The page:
Originally Published on ACEEE: April 30, 2014
Patrick Kiker, 202-507-4043, Communications Associate
Washington, D.C.—A new study by ACEEE outlines how energy efficiency could be used in an upcoming standard by the U.S. Environmental Protection Agency to reduce CO2 levels with no net cost to the economy. The standard, currently under review by the White House Office of Management and Budget and likely to be released in early June, would set a CO2 emissions limit for existing power plants under Section 111(d) of the Clean Air Act.
The study shows how the Environmental Protection Agency could use four common energy efficiency policies to set a carbon pollution standard that reduces emissions to 26% below 2012 levels. In 2030, these policies would save 600 million tons of greenhouse gas emissions, save over 925 million MWh of electricity, reduce electricity demand by 25%, and avoid the need for 494 power plants.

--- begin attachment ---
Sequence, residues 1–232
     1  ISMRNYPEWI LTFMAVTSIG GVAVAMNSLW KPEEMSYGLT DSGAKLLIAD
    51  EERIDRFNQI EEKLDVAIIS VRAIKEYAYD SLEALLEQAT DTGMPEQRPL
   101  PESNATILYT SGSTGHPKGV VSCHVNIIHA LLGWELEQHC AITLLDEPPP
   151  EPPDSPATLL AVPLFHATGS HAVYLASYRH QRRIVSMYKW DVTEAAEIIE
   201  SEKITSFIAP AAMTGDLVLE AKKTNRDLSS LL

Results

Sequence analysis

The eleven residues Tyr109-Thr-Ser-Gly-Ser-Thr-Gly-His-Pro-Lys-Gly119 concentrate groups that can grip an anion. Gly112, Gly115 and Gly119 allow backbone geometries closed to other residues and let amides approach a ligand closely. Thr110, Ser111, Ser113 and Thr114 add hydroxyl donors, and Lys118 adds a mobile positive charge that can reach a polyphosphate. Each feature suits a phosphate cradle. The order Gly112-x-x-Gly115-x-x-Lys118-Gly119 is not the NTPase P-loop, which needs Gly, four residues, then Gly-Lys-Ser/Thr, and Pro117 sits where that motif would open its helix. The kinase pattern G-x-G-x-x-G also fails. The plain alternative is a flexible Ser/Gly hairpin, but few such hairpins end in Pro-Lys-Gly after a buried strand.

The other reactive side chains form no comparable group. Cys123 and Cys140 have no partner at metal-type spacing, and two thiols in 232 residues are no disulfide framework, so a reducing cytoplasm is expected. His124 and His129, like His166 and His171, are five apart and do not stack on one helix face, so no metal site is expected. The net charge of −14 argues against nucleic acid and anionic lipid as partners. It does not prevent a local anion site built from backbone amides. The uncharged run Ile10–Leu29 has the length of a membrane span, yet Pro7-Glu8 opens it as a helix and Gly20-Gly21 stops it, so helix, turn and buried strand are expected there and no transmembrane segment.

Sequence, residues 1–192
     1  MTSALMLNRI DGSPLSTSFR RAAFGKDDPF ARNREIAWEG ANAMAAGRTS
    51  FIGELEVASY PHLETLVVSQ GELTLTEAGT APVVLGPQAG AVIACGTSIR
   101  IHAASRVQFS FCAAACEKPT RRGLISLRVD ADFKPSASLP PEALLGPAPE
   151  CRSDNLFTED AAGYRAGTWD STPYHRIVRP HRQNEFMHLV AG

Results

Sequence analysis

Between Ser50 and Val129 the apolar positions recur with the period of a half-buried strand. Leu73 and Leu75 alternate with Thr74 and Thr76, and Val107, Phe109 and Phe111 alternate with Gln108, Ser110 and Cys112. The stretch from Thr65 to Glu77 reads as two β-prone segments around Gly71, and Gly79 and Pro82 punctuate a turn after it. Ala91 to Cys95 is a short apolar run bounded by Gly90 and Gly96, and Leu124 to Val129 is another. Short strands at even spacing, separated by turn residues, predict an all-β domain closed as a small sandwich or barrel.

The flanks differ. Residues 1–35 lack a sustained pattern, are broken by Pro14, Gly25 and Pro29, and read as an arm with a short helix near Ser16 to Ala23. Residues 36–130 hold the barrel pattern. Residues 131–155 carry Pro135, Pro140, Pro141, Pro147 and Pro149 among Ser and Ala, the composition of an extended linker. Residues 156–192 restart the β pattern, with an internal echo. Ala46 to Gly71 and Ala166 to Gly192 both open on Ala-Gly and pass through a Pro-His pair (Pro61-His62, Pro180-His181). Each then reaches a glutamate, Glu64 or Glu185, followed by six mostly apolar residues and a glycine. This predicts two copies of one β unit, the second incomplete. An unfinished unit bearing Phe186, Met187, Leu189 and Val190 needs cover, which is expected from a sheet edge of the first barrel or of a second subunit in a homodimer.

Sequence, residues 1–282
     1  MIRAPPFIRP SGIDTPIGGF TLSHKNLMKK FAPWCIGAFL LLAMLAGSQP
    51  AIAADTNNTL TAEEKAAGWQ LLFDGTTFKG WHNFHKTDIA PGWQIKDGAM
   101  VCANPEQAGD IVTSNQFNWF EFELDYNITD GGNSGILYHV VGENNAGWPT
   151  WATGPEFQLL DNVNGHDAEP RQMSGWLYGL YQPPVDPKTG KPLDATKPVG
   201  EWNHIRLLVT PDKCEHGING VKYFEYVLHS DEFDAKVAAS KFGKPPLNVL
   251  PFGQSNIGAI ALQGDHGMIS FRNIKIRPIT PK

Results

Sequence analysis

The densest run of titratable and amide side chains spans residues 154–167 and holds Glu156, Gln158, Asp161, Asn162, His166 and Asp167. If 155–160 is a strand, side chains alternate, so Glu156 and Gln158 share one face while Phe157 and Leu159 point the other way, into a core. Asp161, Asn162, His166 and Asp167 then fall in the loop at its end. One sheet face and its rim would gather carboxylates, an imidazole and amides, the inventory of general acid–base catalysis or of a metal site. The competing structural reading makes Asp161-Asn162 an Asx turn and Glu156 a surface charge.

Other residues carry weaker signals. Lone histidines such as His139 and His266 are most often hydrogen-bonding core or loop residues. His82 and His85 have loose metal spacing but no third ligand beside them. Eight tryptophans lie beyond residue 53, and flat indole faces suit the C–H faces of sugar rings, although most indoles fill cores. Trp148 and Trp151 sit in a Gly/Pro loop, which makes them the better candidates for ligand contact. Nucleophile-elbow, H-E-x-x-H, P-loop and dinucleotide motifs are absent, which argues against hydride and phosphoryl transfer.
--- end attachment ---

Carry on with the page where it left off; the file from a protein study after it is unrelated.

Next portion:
“If the Environmental Protection Agency is looking for a way to cheaply cut carbon pollution and boost the economy while giving states the freedom to use their energy resources, energy efficiency is the answer,” said ACEEE executive director Steven Nadel.
Read the Full Story Here: http://www.aceee.org/press/2014/04/new-study-outlines-plan
Download the Study: change-is-in-the-air_e1401.pdf05/01/2014